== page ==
Does a hybrid mattress require a box spring?

No, a hybrid mattress doesn’t require a box spring because of its coil setup. Unlike a traditional innerspring mattress, a hybrid has pocketed coils grouped closely together.

The wrappings around each coil ensure that the coils don’t carry movement despite their proximity to each other. However, the closeness does mean that a hybrid mattress needs a more consistently even surface than what a box spring can provide. We recommend slatted or solid foundations for a hybrid. If you use slats, make sure they are no more than 2.75 inches apart.

What's the difference between a hybrid and an innerspring mattress?

The two biggest differences between a hybrid mattress and an innerspring bed are the coil systems and the comfort layers. A hybrid mattress contains a pocketed coil system, with every coil adapting individually to movements thanks to their wrappings.  An innerspring mattress’s coil system is usually open-coil, with the coils connected by wire and likely to transfer motion.

Innerspring mattresses usually have a thin layer of foam covered by fabric as their top layer. However, some have thicker pillow tops. A hybrid mattress must have at least 2 to 3 inches of foam to qualify as a true hybrid. A thick layer ensures the bed can contour to the body and relieve pressure points.

How expensive is a hybrid mattress?

Hybrid mattresses often cost around $1500 to $1700 for a queen size bed, although some price tags may hew closer to $2500. A hybrid mattress is usually expensive due to its mix of high-quality materials, relying on both comfortable, well-made foams and sturdy, supportive springs. 

A latex hybrid usually costs more than a memory foam hybrid. The higher price is due to the manufacturing process and certifications associated with natural latex.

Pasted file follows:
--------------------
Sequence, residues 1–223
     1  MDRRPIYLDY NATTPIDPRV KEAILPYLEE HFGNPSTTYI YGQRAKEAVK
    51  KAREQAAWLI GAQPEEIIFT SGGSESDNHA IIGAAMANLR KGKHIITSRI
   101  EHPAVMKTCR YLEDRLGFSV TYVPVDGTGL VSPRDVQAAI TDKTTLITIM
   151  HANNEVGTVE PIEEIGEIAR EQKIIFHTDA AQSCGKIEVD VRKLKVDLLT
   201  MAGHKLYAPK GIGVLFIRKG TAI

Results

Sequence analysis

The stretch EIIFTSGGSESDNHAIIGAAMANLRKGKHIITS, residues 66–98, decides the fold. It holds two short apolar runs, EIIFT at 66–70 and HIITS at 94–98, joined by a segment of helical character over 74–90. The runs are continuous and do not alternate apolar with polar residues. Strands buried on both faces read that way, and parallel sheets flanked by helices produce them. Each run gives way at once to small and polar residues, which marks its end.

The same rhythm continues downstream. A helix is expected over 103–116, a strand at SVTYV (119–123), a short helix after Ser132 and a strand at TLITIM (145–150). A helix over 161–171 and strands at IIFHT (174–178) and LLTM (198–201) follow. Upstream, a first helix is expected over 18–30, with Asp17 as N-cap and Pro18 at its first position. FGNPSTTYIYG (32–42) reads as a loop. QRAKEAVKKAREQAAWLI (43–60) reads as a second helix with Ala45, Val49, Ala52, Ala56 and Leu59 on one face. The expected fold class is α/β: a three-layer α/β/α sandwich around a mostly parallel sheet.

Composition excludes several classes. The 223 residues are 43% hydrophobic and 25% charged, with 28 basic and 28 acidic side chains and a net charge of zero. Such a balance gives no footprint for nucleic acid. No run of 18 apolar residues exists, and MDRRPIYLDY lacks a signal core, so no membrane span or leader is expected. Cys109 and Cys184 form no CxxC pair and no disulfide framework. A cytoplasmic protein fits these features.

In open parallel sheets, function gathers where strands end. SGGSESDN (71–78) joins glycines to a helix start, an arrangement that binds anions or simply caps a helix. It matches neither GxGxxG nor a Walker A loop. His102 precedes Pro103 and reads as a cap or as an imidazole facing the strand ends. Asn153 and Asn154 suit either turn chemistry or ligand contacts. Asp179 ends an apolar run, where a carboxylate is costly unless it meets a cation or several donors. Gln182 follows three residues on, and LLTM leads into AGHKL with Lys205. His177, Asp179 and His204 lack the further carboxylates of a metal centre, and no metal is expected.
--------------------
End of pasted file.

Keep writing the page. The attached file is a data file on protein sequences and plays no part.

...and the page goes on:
How long does an innerspring mattress last?

The typical innerspring mattress usually lasts about 5 to 6 years. Innerspring mattresses have a shorter lifespan than other mattress types because of their coil support. Eventually, an innerspring’s coils will start to sag from wear and tear. This sagging causes discomfort and potential backaches.

Memory foam and latex mattresses can often maintain a supportive structure for more than a decade. Their durability can provide years of comfortable sleep. Hybrid mattresses can still sag after extended use. However, they’re less likely to do so than a traditional innerspring mattress.

What Is the Right Mattress for Me?

Innerspring and hybrid mattresses both have their pros and cons. The best mattresses relieve pressure and support the spine’s neutral alignment. For many sleepers, especially side sleepers, a hybrid mattress is the better option.

This article is for informational purposes and should not replace advice from your doctor or other medical professional.

Michelle Zhang, Wellness Writer Michelle Zhang

Michelle Zhang is a regular contributor to our Zoma blog and is our go-to sleep researcher. In her time with Zoma, Michelle has researched and published many articles on widespread sleeping habits and troubles. In her time outside of Zoma, Michelle is an occupational therapist and long-distance runner. She believes leading a healthy lifestyle is the key to getting better sleep at night. Michelle's work has been featured on Men's Journal, The Frisky, and The Mighty.